University of California - Davis. (2012, May 25). Math predicts size of clot-forming cells. ScienceDaily. Retrieved July 23, 2014 from www.sciencedaily.com/releases/2012/05/120525165217.htm
University of California - Davis. "Math predicts size of clot-forming cells." ScienceDaily. www.sciencedaily.com/releases/2012/05/120525165217.htm (accessed July 23, 2014).

Share This




More Health & Medicine News

Wednesday, July 23, 2014

Featured Research

from universities, journals, and other organizations


Featured Videos

from AP, Reuters, AFP, and other news services

Courts Conflicted Over Healthcare Law

Courts Conflicted Over Healthcare Law

AP (July 22, 2014) Two federal appeals courts issued conflicting rulings Tuesday on the legality of the federally-run healthcare exchange that operates in 36 states. (July 22) Video provided by AP
Powered by NewsLook.com
Why Do People Believe We Only Use 10 Percent Of Our Brains?

Why Do People Believe We Only Use 10 Percent Of Our Brains?

Newsy (July 22, 2014) The new sci-fi thriller "Lucy" is making people question whether we really use all our brainpower. But, as scientists have insisted for years, we do. Video provided by Newsy
Powered by NewsLook.com
Scientists Find New Way To Make Human Platelets

Scientists Find New Way To Make Human Platelets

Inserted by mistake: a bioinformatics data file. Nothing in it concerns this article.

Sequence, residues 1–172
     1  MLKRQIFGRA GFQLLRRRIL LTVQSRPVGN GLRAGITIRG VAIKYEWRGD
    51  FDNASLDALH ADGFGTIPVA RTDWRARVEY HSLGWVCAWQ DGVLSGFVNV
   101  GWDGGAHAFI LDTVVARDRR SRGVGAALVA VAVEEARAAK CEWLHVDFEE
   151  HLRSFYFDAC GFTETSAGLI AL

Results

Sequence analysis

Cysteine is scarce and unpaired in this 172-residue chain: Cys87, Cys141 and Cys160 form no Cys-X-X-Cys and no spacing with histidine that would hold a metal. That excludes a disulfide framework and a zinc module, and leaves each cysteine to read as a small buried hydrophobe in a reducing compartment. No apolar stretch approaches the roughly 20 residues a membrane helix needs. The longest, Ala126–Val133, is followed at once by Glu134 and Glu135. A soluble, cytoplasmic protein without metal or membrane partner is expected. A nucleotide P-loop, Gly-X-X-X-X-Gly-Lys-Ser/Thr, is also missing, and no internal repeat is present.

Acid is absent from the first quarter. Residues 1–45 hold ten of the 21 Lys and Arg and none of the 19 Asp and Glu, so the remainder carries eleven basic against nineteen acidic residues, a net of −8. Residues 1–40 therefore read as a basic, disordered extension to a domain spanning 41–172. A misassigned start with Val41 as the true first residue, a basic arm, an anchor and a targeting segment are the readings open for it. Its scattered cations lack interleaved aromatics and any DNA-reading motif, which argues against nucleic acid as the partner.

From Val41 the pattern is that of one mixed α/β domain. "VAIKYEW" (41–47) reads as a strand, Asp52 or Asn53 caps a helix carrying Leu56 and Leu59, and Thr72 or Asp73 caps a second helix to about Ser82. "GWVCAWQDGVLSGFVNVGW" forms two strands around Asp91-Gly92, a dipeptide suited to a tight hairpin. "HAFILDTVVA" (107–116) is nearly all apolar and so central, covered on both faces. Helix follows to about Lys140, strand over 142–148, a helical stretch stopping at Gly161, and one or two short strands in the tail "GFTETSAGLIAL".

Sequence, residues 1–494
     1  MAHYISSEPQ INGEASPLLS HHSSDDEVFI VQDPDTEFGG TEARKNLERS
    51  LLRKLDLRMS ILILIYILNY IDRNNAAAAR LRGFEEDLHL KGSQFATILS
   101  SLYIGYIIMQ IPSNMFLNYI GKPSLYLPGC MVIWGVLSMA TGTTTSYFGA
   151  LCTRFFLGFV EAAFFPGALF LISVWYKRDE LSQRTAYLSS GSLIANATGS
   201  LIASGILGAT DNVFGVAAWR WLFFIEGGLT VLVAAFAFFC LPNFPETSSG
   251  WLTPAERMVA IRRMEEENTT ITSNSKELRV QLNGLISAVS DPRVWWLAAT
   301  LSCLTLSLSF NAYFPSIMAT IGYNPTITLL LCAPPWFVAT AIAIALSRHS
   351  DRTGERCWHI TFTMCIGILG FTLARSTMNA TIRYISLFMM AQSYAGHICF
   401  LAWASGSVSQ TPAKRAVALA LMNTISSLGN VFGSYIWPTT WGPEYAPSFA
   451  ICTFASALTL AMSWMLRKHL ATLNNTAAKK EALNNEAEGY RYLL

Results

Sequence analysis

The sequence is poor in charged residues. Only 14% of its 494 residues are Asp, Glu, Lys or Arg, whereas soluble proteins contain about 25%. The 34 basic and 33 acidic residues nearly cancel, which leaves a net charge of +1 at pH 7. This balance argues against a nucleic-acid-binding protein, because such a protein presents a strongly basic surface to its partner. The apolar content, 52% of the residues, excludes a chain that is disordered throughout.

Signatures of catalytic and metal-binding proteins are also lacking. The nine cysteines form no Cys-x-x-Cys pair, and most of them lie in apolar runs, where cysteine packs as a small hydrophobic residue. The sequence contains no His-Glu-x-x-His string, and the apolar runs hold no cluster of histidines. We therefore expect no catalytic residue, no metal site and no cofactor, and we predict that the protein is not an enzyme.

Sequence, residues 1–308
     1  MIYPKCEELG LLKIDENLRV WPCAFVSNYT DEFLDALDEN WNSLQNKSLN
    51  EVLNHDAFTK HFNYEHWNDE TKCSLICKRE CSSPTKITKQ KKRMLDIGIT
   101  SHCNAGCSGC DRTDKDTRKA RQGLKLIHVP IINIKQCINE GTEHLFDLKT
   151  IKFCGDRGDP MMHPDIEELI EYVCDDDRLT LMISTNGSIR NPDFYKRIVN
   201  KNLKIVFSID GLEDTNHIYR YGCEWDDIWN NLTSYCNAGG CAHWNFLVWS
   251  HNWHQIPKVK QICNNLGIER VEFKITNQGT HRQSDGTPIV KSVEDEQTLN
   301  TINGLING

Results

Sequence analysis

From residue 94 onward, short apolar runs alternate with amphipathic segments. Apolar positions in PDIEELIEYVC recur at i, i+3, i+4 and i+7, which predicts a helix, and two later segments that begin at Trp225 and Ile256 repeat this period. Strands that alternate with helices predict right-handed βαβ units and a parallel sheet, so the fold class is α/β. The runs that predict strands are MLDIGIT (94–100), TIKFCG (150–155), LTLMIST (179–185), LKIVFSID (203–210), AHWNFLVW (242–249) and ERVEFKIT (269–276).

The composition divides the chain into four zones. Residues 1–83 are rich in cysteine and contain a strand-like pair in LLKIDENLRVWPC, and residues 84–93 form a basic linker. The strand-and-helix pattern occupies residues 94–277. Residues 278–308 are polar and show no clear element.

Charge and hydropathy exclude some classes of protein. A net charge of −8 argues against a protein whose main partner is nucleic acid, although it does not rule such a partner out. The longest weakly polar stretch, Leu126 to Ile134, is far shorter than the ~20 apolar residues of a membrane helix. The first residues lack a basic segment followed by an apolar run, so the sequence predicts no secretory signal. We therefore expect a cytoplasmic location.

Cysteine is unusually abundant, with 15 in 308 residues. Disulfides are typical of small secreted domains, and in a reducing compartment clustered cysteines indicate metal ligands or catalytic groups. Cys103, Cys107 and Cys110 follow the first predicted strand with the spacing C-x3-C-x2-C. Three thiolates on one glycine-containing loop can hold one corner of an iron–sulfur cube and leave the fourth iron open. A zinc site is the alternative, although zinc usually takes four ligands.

Newsy (July 22, 2014) Boston scientists have discovered a new way to create fully functioning human platelets using a bioreactor and human stem cells. Video provided by Newsy
Powered by NewsLook.com
Gilead's $1000-a-Pill Drug Could Cure Hep C in HIV-Positive People

Gilead's $1000-a-Pill Drug Could Cure Hep C in HIV-Positive People

TheStreet (July 21, 2014) New research shows Gilead Science's drug Sovaldi helps in curing hepatitis C in those who suffer from HIV. In a medical study, the combination of Gilead's Hep C drug with anti-viral drug Ribavirin cured 76% of HIV-positive patients suffering from the most common hepatitis C strain. Hepatitis C and related complications have been a top cause of death in HIV-positive patients. Typical medication used to treat the disease, including interferon proteins, tended to react badly with HIV drugs. However, Sovaldi's %1,000-a-pill price tag could limit the number of patients able to access the treatment. TheStreet's Keris Lahiff reports from New York. Video provided by TheStreet
Powered by NewsLook.com

Search ScienceDaily

Number of stories in archives: 140,361

Find with keyword(s):
Enter a keyword or phrase to search ScienceDaily for related topics and research stories.

Save/Print:
Share:

Breaking News:
from the past week

In Other News

... from NewsDaily.com

Science News

Health News

Environment News

Technology News



Save/Print:
Share:

Free Subscriptions


Get the latest science news with ScienceDaily's free email newsletters, updated daily and weekly. Or view hourly updated newsfeeds in your RSS reader:

Get Social & Mobile


Keep up to date with the latest news from ScienceDaily via social networks and mobile apps:

Have Feedback?


Tell us what you think of ScienceDaily -- we welcome both positive and negative comments. Have any problems using the site? Questions?
Mobile: iPhone Android Web
Follow: Facebook Twitter Google+
Subscribe: RSS Feeds Email Newsletters
Latest Headlines Health & Medicine Mind & Brain Space & Time Matter & Energy Computers & Math Plants & Animals Earth & Climate Fossils & Ruins